I too prefer the long line of color on myself. And I too am very short-waisted. My husband and I are the same height--5'7"--and there's about a 3-inch differential in our leg length. (I have no waist, essentially.)

    At any rate, the shorter trumpet skirts are extremely flattering on you and are my #1 pick. #2 would be a tie between the long column and Marcy's bell shape. You might want to experiment with length, just to see where your "sweet spot" is with both. And as other commenters have noted, shoe choices make a difference, too.

    Sorry to hear about the young fellow.

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    1. I'm glad you found the pictures helpful. Me too! My legs are longer than my husband's as well. When we're hiking, I never walk behind him because I'll walk over him. Thanks for the vote. I'm going to do some pinning and photographing to play with length ideas. May need to see if I can buy a remote first.

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  13. hmmm, couldn't reply to your reply! The Peterman knockoff is just one pattern piece which I traced directly off the original. I will make a sketch with notes and scan it and send it to you.

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    1. Weird. I have that problem when I'm using my laptop at my daughter's or Starbucks or somewhere else. Otherwise, it works great at home.

      Thanks for scanning the image for me.

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  14. oh, fiddle, my mind is everywhere today, the most important thing is:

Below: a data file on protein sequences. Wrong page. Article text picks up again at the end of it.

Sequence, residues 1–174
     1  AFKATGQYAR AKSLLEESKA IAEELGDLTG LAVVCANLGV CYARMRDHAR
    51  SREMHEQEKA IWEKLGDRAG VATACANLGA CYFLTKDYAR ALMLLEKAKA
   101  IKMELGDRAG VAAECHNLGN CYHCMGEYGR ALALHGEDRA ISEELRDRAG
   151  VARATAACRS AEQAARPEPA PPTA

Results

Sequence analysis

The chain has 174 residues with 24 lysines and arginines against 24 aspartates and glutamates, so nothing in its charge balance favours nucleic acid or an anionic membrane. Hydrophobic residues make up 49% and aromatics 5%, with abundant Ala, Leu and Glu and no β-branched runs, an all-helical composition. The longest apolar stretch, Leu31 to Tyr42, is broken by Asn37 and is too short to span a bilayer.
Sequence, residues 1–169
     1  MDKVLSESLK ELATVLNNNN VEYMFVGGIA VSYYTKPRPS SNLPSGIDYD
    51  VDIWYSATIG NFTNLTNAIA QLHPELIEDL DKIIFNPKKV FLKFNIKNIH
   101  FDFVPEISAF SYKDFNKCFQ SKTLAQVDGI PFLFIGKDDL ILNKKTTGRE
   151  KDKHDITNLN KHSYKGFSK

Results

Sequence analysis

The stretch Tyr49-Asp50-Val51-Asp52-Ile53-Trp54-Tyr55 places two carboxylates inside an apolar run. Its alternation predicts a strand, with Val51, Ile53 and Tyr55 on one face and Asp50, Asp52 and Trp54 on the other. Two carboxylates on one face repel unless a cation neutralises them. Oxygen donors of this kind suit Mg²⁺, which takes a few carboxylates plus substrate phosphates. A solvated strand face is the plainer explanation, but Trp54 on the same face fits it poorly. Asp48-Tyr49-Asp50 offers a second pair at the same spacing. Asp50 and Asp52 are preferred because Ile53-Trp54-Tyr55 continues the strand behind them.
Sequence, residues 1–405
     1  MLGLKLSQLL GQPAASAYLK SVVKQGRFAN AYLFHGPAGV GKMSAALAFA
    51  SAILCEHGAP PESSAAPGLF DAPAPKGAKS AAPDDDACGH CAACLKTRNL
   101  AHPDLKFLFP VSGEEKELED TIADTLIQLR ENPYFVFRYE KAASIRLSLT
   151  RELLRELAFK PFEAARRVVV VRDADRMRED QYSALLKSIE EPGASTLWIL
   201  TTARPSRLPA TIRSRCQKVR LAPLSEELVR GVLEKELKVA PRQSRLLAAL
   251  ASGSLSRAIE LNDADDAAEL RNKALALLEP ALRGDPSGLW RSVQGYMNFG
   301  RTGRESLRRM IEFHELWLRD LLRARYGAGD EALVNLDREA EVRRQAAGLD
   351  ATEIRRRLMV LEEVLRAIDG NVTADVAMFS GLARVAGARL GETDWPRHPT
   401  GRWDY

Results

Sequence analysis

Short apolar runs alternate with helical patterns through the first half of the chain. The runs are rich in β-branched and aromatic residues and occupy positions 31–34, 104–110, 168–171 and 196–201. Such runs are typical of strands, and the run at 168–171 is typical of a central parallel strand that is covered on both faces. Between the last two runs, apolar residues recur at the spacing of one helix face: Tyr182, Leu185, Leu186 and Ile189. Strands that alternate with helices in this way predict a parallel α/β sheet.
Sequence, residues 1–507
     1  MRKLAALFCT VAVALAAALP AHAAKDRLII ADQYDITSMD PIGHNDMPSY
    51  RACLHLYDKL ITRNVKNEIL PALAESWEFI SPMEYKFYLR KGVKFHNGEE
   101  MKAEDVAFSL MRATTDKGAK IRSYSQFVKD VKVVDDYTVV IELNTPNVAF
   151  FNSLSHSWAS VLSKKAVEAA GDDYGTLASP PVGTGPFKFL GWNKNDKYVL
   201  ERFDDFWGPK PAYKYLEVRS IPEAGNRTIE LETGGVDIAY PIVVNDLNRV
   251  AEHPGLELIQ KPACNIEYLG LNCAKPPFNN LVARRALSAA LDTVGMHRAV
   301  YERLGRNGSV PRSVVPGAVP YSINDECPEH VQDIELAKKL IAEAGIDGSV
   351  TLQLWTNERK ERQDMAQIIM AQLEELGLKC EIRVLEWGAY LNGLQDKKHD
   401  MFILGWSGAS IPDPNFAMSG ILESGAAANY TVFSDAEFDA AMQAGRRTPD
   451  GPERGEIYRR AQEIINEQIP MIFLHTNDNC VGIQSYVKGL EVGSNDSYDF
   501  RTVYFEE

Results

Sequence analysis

I LOVE these type of posts, where a person just puts on a bunch of different types of garments without a lot of styling and posing....it is so helpful to be able to see what effect the various colors, textures, details, and shapes have on the body. As sempstresses sewing garments, this information is so vital and it's much harder to get hold of than it should be. Of course the vendors want to sell their products, so they make them look great, and how many style/sewing bloggers want to put out a bunch of pictures they're less than thrilled with?

    i love the eye candy as much as anyone (eating and making!), but if that's all we 'eat' we never learn. Frankly, i think you look pretty great in most of these looks, a couple mite want a tweak or two, but in the end you've come up with a nice variety of flattering silhouettes! Hooray! steph

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    1. I'm all about honesty. With the exception of that first (just sewn) skirt, I've worn all of these successfully. Some are better than others. Oh well. Life's like that.